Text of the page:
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Reference ID Created Released Classification Origin
06MOSCOW1536 2006-02-16 18:06 2011-08-30 01:44 CONFIDENTIAL Embassy Moscow

DE RUEHMO #1536/01 0471806
O 161806Z FEB 06

C O N F I D E N T I A L SECTION 01 OF 03 MOSCOW 001536 
E.O. 12958: DECL: 02/16/2016 
Classified By: Acting DCM Kirk Augustine.  Reason 1.4 (b, d) 
1. (C)  SUMMARY.  Both the Russians (4th CIS Department 
Director Kelin) and Georgians (State Minister for Conflict 
Resolution Khaindrava) gave us separate readouts of their 
February 16 talks in Moscow.  The talks focused on South 
Ossetia in the wake of the Georgian Parliamentary resolution 
calling for a replacement of the Russian Peacekeeping Force. 
Kelin called for an immediate JCC meeting, but not in Vienna. 
 Khaindrava told us the Russians had demanded that the JCC 
meet in Moscow; he had refused.  Kelin warned that armed 
confrontations are an imminent threat and said the atmosphere 
is not right for unilateral Russian gestures on 
demilitarization, including with regard to the enclave of 12 
Georgian villages north of Tskhinvali.  Khaindrava said 
Georgia has started undertaking all ten demilitarization 
measures recommended by the Quad ambassadors in Tbilisi, and 
warned that Russia is working to build a road that will deny 
the Georgian villages access to Georgian-controlled 
territory.  We pressed the Russians hard to reciprocate 
Georgian gestures, but there appeared to be little appetite 
to do so; we also pressed Khaindrava to moderate Georgian 
rhetoric, and he restrained comments he made to the press in 
our presence.  End summary. 
The Next JCC 
2. (C)  A/DCM called on Kelin February 16 to note the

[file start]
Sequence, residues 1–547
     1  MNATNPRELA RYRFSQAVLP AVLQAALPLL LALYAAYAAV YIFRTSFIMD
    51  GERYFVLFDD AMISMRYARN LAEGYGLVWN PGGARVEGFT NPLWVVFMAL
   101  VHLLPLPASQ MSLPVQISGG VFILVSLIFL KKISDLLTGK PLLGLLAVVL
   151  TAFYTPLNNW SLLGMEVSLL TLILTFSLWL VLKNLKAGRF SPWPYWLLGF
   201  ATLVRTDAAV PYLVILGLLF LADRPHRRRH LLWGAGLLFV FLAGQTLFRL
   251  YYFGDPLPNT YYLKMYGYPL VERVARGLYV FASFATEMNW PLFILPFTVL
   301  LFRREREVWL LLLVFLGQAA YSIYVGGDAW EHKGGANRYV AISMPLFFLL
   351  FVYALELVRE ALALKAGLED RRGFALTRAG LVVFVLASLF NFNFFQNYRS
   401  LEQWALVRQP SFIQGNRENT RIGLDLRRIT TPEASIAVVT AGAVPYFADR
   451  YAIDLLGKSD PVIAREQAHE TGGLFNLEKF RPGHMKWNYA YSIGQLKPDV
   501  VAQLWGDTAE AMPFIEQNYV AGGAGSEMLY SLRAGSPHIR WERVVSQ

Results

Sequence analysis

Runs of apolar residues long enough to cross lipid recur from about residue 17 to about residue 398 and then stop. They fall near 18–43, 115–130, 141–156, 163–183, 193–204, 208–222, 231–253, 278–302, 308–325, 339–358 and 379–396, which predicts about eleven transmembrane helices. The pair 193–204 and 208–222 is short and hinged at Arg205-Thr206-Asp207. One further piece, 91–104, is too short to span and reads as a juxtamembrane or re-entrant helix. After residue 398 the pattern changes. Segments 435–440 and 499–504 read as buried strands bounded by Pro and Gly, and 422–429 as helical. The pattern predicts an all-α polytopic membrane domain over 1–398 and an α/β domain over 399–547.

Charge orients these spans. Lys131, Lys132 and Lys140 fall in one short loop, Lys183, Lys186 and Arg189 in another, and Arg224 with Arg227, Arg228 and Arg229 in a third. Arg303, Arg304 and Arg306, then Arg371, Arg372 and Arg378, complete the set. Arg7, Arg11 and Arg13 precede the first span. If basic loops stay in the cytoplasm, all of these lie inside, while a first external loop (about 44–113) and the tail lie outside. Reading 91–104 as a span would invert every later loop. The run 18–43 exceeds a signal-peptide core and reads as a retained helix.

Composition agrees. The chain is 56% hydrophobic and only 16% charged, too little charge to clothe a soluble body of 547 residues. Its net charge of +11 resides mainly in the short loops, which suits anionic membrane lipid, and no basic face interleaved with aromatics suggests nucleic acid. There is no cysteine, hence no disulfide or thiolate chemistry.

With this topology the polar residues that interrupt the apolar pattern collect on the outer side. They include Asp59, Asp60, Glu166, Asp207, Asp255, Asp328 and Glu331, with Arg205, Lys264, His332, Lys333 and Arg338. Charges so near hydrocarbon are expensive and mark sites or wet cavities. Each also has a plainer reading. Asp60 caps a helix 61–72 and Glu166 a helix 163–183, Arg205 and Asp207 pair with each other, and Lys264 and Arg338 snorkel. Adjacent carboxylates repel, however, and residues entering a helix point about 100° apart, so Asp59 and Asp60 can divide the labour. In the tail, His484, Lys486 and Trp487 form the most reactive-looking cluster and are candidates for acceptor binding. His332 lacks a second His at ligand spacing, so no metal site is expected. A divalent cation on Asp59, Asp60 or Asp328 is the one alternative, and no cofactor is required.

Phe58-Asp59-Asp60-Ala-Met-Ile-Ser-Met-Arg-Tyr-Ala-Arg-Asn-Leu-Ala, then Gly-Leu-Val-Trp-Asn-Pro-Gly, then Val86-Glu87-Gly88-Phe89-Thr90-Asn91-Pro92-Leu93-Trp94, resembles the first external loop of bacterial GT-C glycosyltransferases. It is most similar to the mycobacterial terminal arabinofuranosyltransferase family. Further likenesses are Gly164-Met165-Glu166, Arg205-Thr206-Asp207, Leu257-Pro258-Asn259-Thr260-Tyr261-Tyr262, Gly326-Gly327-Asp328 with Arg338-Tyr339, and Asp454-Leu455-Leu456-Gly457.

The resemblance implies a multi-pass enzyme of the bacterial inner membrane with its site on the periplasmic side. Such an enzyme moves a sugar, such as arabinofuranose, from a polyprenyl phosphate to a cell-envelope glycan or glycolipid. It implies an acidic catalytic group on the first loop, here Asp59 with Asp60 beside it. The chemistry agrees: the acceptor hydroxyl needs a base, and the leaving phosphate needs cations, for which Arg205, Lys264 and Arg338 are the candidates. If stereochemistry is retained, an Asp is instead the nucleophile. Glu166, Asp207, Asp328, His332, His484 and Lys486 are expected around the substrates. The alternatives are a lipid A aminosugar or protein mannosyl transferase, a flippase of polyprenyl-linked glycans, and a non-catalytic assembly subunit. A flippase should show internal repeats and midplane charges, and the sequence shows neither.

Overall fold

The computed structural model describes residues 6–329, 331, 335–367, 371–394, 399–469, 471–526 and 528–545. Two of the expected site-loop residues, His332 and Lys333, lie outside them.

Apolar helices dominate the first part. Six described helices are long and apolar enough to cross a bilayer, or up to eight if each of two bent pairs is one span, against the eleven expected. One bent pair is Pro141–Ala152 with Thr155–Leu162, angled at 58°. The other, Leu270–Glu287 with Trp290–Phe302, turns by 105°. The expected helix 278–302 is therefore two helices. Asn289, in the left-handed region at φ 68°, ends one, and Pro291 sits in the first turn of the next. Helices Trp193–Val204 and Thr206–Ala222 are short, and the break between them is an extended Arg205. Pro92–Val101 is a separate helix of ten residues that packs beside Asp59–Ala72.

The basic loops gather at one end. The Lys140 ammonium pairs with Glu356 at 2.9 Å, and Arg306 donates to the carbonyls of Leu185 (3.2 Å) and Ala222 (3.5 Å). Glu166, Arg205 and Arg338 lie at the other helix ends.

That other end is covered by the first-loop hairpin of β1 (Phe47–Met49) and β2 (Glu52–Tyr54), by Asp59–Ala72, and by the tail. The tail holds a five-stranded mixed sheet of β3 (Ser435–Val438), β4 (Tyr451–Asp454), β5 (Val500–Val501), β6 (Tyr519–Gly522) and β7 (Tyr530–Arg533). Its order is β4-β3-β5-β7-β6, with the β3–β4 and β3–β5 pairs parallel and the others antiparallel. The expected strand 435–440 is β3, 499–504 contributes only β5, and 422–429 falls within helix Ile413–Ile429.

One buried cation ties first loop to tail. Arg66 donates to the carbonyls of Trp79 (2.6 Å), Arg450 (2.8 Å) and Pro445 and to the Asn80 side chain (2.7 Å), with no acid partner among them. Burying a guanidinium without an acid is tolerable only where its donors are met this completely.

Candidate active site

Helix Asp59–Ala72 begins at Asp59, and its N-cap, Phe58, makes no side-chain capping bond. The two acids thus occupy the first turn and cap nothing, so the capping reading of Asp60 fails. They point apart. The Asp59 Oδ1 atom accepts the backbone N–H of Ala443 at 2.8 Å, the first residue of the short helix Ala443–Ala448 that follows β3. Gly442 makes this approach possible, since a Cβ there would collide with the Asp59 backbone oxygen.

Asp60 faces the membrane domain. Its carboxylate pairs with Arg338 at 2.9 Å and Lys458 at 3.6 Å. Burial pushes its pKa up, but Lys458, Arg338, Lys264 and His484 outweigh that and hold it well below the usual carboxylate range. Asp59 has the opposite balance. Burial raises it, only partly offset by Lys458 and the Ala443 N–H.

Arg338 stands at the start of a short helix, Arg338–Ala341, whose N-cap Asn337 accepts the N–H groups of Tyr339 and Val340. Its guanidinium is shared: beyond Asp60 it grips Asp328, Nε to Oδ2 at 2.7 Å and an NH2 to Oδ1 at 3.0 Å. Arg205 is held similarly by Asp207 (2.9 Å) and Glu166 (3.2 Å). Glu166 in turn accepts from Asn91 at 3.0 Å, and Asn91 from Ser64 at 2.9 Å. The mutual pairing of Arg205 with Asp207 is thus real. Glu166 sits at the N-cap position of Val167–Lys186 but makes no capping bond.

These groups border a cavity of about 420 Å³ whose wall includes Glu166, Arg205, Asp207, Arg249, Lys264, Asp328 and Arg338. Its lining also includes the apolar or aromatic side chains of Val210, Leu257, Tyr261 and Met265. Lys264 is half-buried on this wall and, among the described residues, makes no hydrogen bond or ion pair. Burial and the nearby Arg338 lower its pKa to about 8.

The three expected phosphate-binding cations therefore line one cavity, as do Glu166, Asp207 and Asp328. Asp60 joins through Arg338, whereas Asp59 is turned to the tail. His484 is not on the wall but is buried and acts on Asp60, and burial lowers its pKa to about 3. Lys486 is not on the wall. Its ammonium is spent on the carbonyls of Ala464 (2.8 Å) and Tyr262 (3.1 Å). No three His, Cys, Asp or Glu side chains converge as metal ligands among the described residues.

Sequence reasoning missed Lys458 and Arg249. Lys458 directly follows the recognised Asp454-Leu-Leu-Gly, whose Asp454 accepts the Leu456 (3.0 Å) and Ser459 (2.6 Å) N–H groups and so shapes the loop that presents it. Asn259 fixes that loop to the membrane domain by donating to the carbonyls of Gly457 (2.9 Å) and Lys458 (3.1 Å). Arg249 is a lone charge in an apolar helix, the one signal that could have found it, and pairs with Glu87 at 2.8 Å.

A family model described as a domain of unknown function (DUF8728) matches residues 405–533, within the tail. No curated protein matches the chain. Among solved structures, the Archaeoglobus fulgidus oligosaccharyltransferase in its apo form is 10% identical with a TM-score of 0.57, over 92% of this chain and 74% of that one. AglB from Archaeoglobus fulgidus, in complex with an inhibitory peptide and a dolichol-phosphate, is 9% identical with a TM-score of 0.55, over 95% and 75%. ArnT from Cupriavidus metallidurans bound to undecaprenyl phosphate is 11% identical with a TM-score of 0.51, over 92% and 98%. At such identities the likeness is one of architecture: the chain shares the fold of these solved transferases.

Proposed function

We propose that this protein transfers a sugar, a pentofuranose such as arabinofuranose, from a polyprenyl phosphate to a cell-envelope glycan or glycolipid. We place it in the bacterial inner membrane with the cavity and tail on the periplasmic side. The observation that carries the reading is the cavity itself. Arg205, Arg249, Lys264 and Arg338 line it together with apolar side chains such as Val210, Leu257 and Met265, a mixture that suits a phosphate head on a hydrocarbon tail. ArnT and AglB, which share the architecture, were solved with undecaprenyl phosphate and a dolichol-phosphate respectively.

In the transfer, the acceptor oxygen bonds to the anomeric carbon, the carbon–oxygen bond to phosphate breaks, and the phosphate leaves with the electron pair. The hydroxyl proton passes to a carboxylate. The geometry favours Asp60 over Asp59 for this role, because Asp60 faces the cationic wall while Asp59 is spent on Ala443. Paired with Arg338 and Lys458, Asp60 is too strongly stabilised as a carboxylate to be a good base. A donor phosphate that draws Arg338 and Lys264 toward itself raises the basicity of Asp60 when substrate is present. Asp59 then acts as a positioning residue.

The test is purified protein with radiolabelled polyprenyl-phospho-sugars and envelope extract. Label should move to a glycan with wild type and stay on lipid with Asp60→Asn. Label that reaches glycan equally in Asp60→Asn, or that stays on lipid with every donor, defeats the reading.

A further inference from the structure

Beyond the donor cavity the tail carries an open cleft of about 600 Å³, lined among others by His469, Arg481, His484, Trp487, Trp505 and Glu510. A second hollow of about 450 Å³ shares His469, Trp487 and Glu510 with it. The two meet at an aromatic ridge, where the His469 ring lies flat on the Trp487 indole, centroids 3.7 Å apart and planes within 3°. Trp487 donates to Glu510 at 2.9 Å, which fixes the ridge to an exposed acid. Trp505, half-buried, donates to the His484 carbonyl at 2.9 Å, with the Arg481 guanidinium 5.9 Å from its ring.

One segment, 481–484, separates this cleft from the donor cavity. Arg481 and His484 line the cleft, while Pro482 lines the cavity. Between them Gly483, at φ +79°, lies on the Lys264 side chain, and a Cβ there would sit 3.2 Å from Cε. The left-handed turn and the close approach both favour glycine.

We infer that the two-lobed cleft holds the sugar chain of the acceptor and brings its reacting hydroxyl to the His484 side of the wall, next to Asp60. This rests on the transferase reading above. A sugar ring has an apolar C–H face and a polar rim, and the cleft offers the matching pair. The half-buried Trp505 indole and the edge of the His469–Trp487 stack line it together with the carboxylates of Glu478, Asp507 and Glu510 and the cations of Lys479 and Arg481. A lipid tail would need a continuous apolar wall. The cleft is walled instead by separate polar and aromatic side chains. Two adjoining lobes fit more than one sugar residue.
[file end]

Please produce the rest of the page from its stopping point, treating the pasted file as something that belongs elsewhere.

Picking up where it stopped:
restraint in the resolution Georgia's Parliament adopted 
February 15.  He said we had been working hard with the 
Georgians.  He noted that the tone of the Russian MFA 
statement had been relatively restrained.  Kelin replied that 
the Georgian resolution could be interpreted in different 
ways.  Moderates could point out that it set no deadline. 
Hardliners (such as Georgia's Minister of Defense) could 
point to its demand to the GOG to eliminate the Russian 
peacekeepers.  Russia envisaged a meeting of the Joint 
Control Commission (JCC) as soon as possible, but not in 
Vienna as previously planned; it should rather take place 
"much closer to the scene." Asked whether that meant Moscow, 
he said he would not exclude Moscow or any other site.  The 
matter was "under discussion" among the parties. 
3.  (C)  In a subsequent conversation with poloff, Khaindrava 
said the Russians had demanded that the JCC take place in 
Moscow so that FM Lavrov could preside over it.  Noting that 
both the Russians and South Ossetians had previously agreed 
to Vienna, Khaindrava said he had categorically rejected that 
proposed change.  His analysis was that Russia wanted to show 
that it was in control of the process.  During our 
conversation, Khaindrava received calls from Tbilisi 
(including from PM Noghaideli) and tried to get the GOG to 
enlist the support of the OSCE Mission to oppose the change 
of JCC venue. 
4. (C)  Kelin said that Khaindrava had concentrated on 
demilitarization, and in particular the outer (South 
Ossetian) trenches surrounding an enclave of 12 Georgian 
villages north of Tskhinvali.  Kelin said the current 
atmosphere did not allow progress on this issue.  To Russia, 
demilitarization meant in the first instance the withdrawal 
of Georgian MPs who were illegally in the zone of conflict, 
and the elimination of unofficial armed formations supporting 
the Georgian cause.  A/DCM asked who would be responsible for 
civil order if the Georgian MPs were withdrawn; Kelin replied 
that the PKF was mandated to carry out that task.  A/DCM